PHYSICAL REVIEW LETTERS

PRL 113, 250401 (2014)

Entanglement and Spin Squeezing in Non-Hermitian Phase Transitions 1

Tony E. Lee,1,2 Florentin Reiter,3 and Nimrod Moiseyev4

ITAMP, Harvard-Smithsonian Center for Astrophysics, Cambridge, Massachusetts 02138, USA 2 Department of Physics, Harvard University, Cambridge, Massachusetts 02138, USA 3 Niels Bohr Institute, University of Copenhagen, Blegdamsvej 17, DK-2100 Copenhagen, Denmark 4 Schulich Faculty of Chemistry and Faculty of Physics, Technion-Israel Institute of Technology, Haifa 32000, Israel (Received 29 September 2014; published 17 December 2014) We show that non-Hermitian dynamics generate substantial entanglement in many-body systems. We consider the non-Hermitian Lipkin-Meshkov-Glick model and show that its phase transition occurs with maximum multiparticle entanglement: There is full N-particle entanglement at the transition, in contrast to the Hermitian case. The non-Hermitian model also exhibits more spin squeezing than the Hermitian model, showing that non-Hermitian dynamics are useful for quantum metrology. Experimental implementations with trapped ions and cavity QED are discussed. DOI: 10.1103/PhysRevLett.113.250401

PACS numbers: 03.65.Yz, 03.65.Ud, 37.10.Ty

0031-9007=14=113(25)=250401(5)

We further show that the entanglement is useful for quantum metrology: The non-Hermitian model generates spin squeezing with phase sensitivity near the Heisenberg limit and exhibits more squeezing than the Hermitian model [33,34]. Thus, non-Hermitian dynamics may be a resource for quantum metrological applications like magnetometry [35] and atomic clocks [36]. We also discuss experimental implementation with trapped ions and cavity QED. Although the scheme is probabilistic, one can implement the non-Hermitian model for thousands of atoms with a high probability, because the gap increases linearly with system size. Model.—The (Hermitian) Lipkin-Meshkov-Glick model is the simplest quantum model of interacting spins [37]. Here, we consider the non-Hermitian version H¼

V 2 iγ iγN ðJx − J2y Þ − Jz − ; N 2 4

ð1Þ

P where J~ ¼ 12 n σ~ n are collective spin operators, V is the coupling strength, and N is the number of spins. For (a)

(b)

1 entanglement indicator

Entanglement is a powerful way to understand the nature of many-body systems [1–3]. Its utility has spread beyond quantum information into other areas of physics like condensed matter. In particular, it has been shown that entanglement provides new insight into condensed-matter systems and their phase transitions [4]. Aside from fundamental interest, understanding the entanglement in condensed-matter systems allows one to use such systems for applications like quantum computing and quantum metrology [5–8]. In these applications, one would like as much entanglement as possible. In a many-body system, a quantum phase transition changes how the particles are entangled with each other [4]. The Lipkin-Meshkov-Glick model is the simplest model of interacting spins with a quantum phase transition, so it is an important example: The phase transition occurs with twoparticle entanglement [9,10], while multiparticle entanglement becomes macroscopic after the transition [11,12]. At the same time, the field of non-Hermitian quantum mechanics has drawn significant interest, especially with recent experimental results in cavities [13,14], waveguides [15], and ultracold atoms [16]. The motivation is that non-Hermitian systems behave quite differently from Hermitian ones and can exhibit novel phenomena [17–32]. Non-Hermitian dynamics commonly arise in systems with decay or loss. In this Letter, we view non-Hermitian quantum mechanics from a quantum-information perspective: We see what kind of entanglement it generates. We study the nonHermitian Lipkin-Meshkov-Glick model and show that the phase transition occurs with maximum multiparticle entanglement [Fig. 1(a)]. In fact, all particles are entangled at the transition, in contrast to the Hermitian transition. The presence of substantial multiparticle entanglement can be seen in the Wigner function, which exhibits fringes of negative value [Fig. 1(b)]. Thus, non-Hermiticity amplifies the entanglement at the phase transition.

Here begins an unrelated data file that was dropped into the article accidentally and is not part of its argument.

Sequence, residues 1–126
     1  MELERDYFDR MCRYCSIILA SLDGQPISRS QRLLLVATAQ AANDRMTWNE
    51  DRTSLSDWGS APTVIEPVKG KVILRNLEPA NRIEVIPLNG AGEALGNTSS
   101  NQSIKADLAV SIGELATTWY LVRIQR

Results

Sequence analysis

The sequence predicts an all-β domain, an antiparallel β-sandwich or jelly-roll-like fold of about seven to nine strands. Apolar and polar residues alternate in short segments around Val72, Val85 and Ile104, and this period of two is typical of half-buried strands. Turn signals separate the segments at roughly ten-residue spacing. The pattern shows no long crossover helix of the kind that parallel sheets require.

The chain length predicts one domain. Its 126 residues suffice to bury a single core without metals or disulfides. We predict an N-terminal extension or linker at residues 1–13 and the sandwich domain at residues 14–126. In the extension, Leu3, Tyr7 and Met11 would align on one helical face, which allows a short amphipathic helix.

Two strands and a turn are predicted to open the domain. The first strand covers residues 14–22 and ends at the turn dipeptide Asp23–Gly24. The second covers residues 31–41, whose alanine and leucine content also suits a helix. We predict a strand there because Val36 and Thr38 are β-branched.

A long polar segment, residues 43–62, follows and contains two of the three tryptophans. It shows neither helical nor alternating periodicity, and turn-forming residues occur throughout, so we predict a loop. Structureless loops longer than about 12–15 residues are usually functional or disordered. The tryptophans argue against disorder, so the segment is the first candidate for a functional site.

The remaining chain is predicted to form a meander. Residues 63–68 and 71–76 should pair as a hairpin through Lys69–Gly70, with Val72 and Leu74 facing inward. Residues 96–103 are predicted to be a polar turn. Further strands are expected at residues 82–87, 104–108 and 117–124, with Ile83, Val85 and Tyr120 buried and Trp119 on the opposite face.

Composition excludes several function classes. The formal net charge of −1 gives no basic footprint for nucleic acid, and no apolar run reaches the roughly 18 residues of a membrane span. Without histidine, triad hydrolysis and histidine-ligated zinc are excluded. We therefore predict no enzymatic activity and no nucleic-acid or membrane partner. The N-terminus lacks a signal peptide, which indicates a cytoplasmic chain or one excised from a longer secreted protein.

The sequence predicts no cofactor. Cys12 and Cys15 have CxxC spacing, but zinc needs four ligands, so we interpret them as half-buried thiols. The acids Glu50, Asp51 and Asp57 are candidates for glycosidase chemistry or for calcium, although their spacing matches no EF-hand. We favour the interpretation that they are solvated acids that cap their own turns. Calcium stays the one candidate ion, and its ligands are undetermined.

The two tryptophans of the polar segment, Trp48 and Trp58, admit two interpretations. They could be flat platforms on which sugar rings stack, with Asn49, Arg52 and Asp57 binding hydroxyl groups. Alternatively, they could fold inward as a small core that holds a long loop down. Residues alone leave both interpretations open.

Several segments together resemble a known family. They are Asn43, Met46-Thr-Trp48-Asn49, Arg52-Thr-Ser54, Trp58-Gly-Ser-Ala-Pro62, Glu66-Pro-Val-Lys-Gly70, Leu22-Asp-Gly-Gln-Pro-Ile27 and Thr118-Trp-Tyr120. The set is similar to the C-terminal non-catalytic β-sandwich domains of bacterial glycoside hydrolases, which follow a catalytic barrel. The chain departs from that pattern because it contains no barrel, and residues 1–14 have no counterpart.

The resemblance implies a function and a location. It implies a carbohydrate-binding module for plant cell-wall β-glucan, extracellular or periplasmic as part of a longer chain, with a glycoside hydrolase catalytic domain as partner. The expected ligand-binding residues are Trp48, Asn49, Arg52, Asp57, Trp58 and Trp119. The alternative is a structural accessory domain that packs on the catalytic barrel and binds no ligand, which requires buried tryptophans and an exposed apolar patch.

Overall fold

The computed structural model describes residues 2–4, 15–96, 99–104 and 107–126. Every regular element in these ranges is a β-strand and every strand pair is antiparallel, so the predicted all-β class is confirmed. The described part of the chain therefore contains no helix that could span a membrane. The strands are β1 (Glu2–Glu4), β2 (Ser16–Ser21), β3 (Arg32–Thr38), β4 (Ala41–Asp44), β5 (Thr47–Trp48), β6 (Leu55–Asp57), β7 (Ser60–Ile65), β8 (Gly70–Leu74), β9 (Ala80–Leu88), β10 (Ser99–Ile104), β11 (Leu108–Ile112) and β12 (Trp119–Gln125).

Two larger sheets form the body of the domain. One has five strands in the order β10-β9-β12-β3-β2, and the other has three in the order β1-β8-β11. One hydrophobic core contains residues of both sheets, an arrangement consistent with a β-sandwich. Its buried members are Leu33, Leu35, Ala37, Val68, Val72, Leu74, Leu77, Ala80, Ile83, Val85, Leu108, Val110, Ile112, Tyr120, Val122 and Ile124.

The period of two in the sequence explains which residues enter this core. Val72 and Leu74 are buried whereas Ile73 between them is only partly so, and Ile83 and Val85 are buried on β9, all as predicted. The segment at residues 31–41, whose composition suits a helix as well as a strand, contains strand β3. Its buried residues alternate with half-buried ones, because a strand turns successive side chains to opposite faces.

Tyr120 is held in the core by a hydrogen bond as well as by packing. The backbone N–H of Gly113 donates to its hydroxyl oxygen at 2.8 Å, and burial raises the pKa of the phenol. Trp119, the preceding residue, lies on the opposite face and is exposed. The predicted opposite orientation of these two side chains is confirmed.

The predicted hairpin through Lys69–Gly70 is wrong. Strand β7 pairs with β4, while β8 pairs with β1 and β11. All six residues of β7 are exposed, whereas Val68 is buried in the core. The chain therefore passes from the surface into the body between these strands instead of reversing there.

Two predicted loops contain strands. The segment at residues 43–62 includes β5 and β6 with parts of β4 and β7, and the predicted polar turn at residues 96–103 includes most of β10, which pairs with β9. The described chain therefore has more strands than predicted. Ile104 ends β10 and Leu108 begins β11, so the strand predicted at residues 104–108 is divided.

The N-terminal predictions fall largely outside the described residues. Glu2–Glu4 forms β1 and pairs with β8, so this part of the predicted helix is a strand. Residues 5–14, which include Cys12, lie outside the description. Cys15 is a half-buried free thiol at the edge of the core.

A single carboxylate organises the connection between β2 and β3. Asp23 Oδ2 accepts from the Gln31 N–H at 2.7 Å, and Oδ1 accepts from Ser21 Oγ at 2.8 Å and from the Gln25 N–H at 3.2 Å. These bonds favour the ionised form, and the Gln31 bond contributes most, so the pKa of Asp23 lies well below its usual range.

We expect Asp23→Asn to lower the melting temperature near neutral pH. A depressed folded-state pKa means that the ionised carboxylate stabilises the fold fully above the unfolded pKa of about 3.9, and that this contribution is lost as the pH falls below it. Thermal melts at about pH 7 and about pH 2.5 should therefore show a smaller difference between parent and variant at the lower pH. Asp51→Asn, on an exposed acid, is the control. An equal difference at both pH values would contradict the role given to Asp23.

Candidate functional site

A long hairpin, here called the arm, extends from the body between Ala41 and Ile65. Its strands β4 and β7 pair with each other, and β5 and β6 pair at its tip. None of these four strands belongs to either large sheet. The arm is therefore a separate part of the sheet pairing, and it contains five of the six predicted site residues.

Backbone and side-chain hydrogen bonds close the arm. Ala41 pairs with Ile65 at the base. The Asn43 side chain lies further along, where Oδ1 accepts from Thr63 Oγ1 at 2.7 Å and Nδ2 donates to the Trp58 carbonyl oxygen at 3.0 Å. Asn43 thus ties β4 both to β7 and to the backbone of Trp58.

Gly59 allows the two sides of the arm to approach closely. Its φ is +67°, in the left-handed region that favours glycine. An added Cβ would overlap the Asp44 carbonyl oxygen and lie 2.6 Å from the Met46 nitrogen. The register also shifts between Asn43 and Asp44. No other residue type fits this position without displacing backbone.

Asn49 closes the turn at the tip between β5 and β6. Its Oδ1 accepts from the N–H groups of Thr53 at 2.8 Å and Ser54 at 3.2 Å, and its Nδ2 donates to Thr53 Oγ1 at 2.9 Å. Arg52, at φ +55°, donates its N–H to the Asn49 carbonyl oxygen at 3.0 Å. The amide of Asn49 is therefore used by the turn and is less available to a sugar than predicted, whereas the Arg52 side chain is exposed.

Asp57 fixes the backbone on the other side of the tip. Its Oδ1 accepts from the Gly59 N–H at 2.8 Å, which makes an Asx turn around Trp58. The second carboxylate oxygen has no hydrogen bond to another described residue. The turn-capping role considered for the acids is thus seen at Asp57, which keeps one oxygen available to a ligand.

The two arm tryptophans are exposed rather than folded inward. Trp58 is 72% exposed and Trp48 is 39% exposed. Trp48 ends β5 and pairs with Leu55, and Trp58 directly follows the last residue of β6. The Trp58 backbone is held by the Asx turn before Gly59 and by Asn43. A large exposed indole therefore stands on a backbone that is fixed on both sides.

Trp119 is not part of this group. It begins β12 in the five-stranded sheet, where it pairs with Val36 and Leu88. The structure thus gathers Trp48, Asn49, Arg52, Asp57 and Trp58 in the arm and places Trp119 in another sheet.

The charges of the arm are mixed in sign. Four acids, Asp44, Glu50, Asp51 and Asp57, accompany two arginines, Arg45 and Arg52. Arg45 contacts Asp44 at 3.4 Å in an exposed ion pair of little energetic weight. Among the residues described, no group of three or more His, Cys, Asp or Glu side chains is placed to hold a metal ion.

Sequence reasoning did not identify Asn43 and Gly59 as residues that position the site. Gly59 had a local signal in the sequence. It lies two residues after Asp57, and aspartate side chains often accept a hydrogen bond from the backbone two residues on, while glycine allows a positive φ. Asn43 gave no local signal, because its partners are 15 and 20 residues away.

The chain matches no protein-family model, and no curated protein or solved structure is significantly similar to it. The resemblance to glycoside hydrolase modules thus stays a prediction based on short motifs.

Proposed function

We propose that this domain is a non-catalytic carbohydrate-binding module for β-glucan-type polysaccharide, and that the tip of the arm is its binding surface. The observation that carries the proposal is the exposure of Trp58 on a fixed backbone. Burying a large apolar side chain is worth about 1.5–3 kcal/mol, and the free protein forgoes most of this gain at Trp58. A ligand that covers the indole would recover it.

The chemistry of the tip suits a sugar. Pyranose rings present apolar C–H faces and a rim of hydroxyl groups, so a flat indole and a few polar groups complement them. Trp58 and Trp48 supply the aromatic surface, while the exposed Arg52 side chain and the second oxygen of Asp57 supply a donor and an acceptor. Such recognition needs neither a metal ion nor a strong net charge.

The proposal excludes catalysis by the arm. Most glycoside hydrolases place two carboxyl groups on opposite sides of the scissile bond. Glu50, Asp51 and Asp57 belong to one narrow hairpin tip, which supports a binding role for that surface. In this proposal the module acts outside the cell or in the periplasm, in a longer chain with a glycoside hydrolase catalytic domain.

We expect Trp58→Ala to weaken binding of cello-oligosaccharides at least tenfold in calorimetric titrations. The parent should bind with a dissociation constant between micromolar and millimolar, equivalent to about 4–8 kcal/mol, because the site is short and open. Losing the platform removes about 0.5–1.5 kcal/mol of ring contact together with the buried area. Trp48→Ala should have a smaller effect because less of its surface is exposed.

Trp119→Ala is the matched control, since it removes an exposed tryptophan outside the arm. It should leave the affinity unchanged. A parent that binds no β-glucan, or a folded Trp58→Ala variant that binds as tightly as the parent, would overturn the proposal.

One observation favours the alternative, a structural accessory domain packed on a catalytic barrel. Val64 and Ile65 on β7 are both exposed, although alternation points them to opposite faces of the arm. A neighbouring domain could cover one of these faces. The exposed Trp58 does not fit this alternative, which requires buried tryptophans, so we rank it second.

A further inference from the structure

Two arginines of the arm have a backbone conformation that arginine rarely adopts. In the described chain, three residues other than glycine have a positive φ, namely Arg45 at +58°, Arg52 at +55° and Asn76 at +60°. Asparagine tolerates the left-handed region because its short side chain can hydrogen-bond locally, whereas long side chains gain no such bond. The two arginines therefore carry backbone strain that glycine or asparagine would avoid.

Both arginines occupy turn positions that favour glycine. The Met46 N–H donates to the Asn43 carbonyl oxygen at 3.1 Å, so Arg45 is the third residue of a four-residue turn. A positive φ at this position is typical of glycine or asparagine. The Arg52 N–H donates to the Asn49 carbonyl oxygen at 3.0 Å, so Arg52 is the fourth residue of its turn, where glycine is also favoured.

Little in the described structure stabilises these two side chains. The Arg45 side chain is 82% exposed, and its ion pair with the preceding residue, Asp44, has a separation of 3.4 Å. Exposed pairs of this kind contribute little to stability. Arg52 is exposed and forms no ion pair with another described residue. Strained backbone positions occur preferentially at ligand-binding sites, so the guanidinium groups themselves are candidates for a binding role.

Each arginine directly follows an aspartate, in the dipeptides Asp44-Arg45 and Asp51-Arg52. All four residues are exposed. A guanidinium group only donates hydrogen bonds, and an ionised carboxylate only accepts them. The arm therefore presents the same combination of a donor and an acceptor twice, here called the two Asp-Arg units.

0.8 0.6 0.4 0.2 0 0

20−particle entangled

V V* 5 c V (units of γ)

10

FIG. 1 (color online). Entanglement properties for N ¼ 20 ¯ 2 (solid spins. (a) Averaged quantum Fisher information F=N line) indicates multiparticle entanglement, while rescaled concurrence CR (dashed line) indicates two-particle entanglement. (b) Wigner function on the Bloch sphere for V ¼ V c.

250401-1

© 2014 American Physical Society

−8

−10 0

5 10 V (units of γ)

2 1

ð3Þ

The magnitude of F¯ gives an indication of how much ¯ 2 is on the order multiparticle entanglement there is; if F=N of 1, there is macroscopic multiparticle entanglement. In (a)

Δ(V*) (units of γ)

40

20

0 0 1

50 N

0

40

20

0

(c)

0.5

(b)

0 0

100

2

0.5

0 0

4 F¯ ¼ ½ðΔJ x Þ2 þ ðΔJy Þ2 þ ðΔJz Þ2 : 3

z

−6

3

z

−4

〈σ 〉

Δ (units of γ)

Im λ (units of γ) n

−2

1

ð2Þ

This implies that the eigenvalues of H are symmetric around −iγN=4 and degenerate in pairs. Given the collective nature of the model, it is natural to use a mean-field approach [23,49]. Mean-field theory predicts that a degeneracy occurs at V ¼ γ=2; this is actually where the first degeneracy occurs (see Supplemental Material [50]) and is unrelated to the steady state. Thus, the transition of the steady state (for finite N) is not predicted by mean-field theory. Entanglement.—Having established that there is a sharp transition, we now characterize its entanglement [51,52]. To quantify two-particle entanglement, we use rescaled concurrence CR ¼ ðN − 1ÞC, where C is the concurrence; if CR > 0, there is two-particle entanglement [53]. To quantify multiparticle entanglement, we use the averaged quantum Fisher information (QFI) [6,7],

(c)

4

iγN iγN →− Hþ : 4 4

〈σ 〉(V*)

(b)

Hþ

F/N

(a)

[17–19]. However, Fig. 3(a) shows that V c increases linearly with N, implying that a singularity does not occur in an infinite system. Thus, the non-Hermitian steady state has sharp transitions for finite N but not for infinite N; in contrast, Hermitian models have sharp transitions for infinite N but not for finite N. Figure 2(a) shows that there is actually a sequence of degeneracies as V increases, and the degeneracy of the steady state is the last one to occur. The degeneracies can be understood by noting that the mapping Jx ; J y ; Jz → Jy ; Jx ; −J z leads to